|Sung Shin and Sara Jayne Blackmore in Washington Square Park|
Opera Under the Arch of Washington Square Park is Sung Shin's baby; it's a year old and thriving. One would expect the Artistic Director to snag the best parts for himself but baritone Shin took a back seat and left us wanting to hear more of his marvelous baritone. He did appear in some duets which we will get to anon.
What a treat to be outdoors in lovely June weather listening to world class singers. It is difficult to say who enjoyed it more, the ever-growing crowd of listeners or the singers themselves. We were in seventh heaven and the "noobie" we brought has become a convert to opera because of the winning performances and the delightfully casual atmosphere of the event. We are not sure if we were the first to write about this event last year, but we won't be the last. The media has been quick to pick up the novelty of the experience, especially the part about singers standing on top of the piano!
Some of the singers are advanced students and others are starring in operas both in the USA and abroad. A special treat was hearing bass Hidenori Inoue tear into "Mentre goniersi l'anima parea" from Verdi's Attila. In this aria, Attila relates a discouraging dream he had about turning back and giving up. Mr. Inoue grabbed this aria by the throat and delivered a powerful performance. It is said that the bass is a late-maturing fach but this youthful artist truly showed a vocal maturity that would serve any bass role.
Also on hand was soprano Yvette Keong who sang Stephen Foster's "Beautiful Dreamer" with such tonal brilliance that we heard it afresh. We have always associated it with mezzo-soprano Marilyn Horne so this was an entirely new experience. This versatile young artist, as beautiful vocally as she is in appearance, was particularly convincing in "Quando m'en vo", Musetta's show stopper in Puccini's La Bohème. A gal has to be really gorgeous to get away with that one and she is! More surprising was her lush delivery of Rachmaninoff's "Spring Waters" in excellent Russian.
A soprano of a totally different kind, Alaysha Fox shows great promise in the dramatic soprano fach. We recall her excellent Lady Macbeth and her stunning performance of Donna Elvira's aria "Or sai chi l'onore" from Mozart's Don Giovanni at the Metropolitan Opera National Council Finals. What a treat to hear her reprise that success up close and personal. Just as compelling was her performance of "Ernani involami" from Verdi's opera of the same name. We expect a lot of Ms. Fox!
Soprano Alexis Rose Seminario opened the evening with a beautiful delivery of "Depuis le jour" from Charpentier's seldom heard opera Louise and was joined by Mr. Sung for the charming duet from Reynaldo Hahn's operetta Ciboulette -- "Nous avons fait un beau voyage". The chemistry and the harmony worked well and the French was completely understandable; it was romantic and endearing as operetta should be.
Mr. Sung seemed to be ever ready to join his wonderful baritone with other artists. We do love duets and heard two of them from Donizetti's delightful comedy Don Pasquale. He made a fine Dr. Malatesta with Sarah Jayne Blackmore as his Norina in "Pronto io son". We always love this duet as the wily doctor coaches the widow Norina in how to present herself as his convent bred sister.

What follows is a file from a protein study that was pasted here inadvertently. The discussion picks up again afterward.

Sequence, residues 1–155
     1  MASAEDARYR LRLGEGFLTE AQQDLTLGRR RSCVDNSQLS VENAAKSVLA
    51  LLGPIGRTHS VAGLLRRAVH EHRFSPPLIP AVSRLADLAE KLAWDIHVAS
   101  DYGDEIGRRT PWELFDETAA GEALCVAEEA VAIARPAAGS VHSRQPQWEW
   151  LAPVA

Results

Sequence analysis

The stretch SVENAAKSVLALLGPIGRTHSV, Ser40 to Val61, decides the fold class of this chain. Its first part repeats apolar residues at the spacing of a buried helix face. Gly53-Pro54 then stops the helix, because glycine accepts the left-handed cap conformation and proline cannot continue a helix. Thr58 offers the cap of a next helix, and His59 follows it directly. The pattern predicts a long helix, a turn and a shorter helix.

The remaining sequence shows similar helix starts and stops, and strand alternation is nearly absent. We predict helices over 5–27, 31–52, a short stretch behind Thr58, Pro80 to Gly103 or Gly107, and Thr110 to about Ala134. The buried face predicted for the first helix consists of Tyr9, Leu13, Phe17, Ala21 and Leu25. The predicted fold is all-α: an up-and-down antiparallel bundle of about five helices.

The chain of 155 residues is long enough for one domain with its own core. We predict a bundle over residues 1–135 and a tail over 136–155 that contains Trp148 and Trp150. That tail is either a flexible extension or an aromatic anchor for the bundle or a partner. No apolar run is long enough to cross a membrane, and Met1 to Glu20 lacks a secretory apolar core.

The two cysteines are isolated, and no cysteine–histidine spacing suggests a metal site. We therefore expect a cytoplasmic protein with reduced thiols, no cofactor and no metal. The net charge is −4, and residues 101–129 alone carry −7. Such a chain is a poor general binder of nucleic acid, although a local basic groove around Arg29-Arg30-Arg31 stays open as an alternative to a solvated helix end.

Continuing as Dr. Malatesta, Mr. Shin conspired with John Brakatselos as a very funny Don Pasquale. The two baritones have very different qualities but both excelled at the rapidfire patter. Mr. Brakatselos has a deep baritone that seemed just right for Macbeth's lugubrious "Pietà, rispetto, amore". Showing his versatility, he performed "Italian Street Song" by our dearly beloved Victor Herbert, reminding us of our many delightful evenings with Victor Herbert Renaissance Project Live!
Soprano Nicoletta Julia Berry gave a touching performance of Gilda's falling-in- love aria "Caro Nome" from Verdi's Rigoletto, evincing a killer trill, a delicate diminuendo, and a perfect portamento--all the things we want in a coloratura aria.
Soprano Shelén Hughes sang a Bernstein song we'd never heard before from Wonderful Town--"A Little Bit in Love". The song starts out with humming and moves on to the almost speechless wonder of falling in love; we think we fell a little bit in love with Ms. Hughes! She also gave a charming performance of "Il bel sogno di Doretta" from Puccini's La Rondine.
Soprano Ripley Lucas-Tagliani invested "Frère! Voyez!" from Massenet's Werther with Sophie's enthusiastic innocence and lovely tonal quality. We noticed the same qualities in her "O mio babbino caro" from Puccini's Gianni Schicchi.
Saving our terrific tenor for last, Emmet Cahill almost moved us to tears with "Una furtiva lagrima" from Donizetti's L'elisir d'amore, sung when Nemorina realizes that Adina must really love him. And we love him too! He also delighted us as the love-besotted Tony in "Maria" from Bernstein's West Side Story and the heartfelt audience-pleasing "Danny Boy".
What an evening! A banquet of song, catered by master chef Sung Shin who surely has earned his first name. Accompanying all this marvelous singing on the piano was Eric Sedgwick, whose artistry we have long admired and written about, and Curtis Serafin who is new to us.
What an effective way to win a new audience for opera. There were all ages in attendance and the children were as spellbound as their parents. Opera is for everyone, not just the elite! Spread the word folks!
(c) meche kroop